KSM Off to Gitmo, Again

by Glenn Sulmasy

Attorney General Holder’s announcement today that the government will, after several starts, fits, and stops, try KSM in a military commission at the Gitmo facility was welcome news to many. It gave me a feeling of déjà vu: Gitmo was the place where, over two years ago, military-commission proceedings were initiated against KSM and four other HVD’s who conspired to commit the wartime atrocities of 9/11.

Now, the families of the victims will finally get a chance to have some closure to their grieving. They have waited long enough, and now must be quite pleased to see that proceedings will begin shortly against the war criminals who planned and executed their mission against innocent civilians. It is time to ensure justice is done, for all.

Also, the decision to have the case tried in a military commission reminds the citizens of the United States — and the world, for that matter — that this is an armed conflict we are engaged in against al-Qaeda. Certainly, this conflict is not a traditional one, but it is one nonetheless. Perhaps it is the way many will be fought in the 21st century. Using civilian courts would have only made the legal landscape more ambiguous — is it a law-enforcement action or a war we are engaged in?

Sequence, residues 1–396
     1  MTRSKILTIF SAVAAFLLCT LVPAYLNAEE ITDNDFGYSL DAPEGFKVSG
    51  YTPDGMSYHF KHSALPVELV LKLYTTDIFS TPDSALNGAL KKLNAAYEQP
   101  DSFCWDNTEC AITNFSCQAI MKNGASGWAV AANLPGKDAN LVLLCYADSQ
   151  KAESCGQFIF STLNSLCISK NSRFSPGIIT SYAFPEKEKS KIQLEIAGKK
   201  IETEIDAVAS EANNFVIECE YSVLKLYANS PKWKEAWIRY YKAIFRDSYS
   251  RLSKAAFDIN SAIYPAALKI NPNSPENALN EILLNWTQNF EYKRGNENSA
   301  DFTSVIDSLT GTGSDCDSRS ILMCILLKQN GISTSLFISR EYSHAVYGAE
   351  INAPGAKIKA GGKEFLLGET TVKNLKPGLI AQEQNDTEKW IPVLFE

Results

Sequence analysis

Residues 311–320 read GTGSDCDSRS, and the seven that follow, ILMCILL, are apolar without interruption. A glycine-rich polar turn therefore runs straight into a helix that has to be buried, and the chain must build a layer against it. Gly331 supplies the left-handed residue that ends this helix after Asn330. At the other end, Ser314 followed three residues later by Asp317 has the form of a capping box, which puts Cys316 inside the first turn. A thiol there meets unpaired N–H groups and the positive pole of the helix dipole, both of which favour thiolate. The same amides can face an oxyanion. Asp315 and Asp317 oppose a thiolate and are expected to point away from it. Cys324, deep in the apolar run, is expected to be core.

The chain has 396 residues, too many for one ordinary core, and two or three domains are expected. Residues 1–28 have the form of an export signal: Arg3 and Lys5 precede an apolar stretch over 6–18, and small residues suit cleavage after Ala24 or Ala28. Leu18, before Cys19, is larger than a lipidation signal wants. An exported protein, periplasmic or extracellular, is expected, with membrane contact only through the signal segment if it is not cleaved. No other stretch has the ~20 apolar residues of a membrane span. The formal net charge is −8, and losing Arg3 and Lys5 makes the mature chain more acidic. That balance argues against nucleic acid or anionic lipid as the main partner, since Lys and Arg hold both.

Civilian courts were not the right venue to try KSM et al. Using civilian courts presented all sorts of evidentiary issues, Fourth and Fifth Amendment issues. The open federal courts would have doubtlessly been used to make the trials a propaganda circus for al-Qaeda. Security would have proven ridiculously expensive and would have impacted local businesses and much of the local economy in lower Manhattan. Policymakers in NYC and elsewhere made clear that they did not want these men tried in civilian courts.

The decision to try these men in a military commission was the right one for numerous reasons. Although I would have preferred the creation of a national-security court for such hybrid warriors’ trials, there is little question that the military commission is by far the better alternative to trying these international pariahs in a federal district court.

— Glenn Sulmasy is the author of The National Security Court System: A Natural Evolution of Justice in an Age of Terror. The views expressed here are his own.

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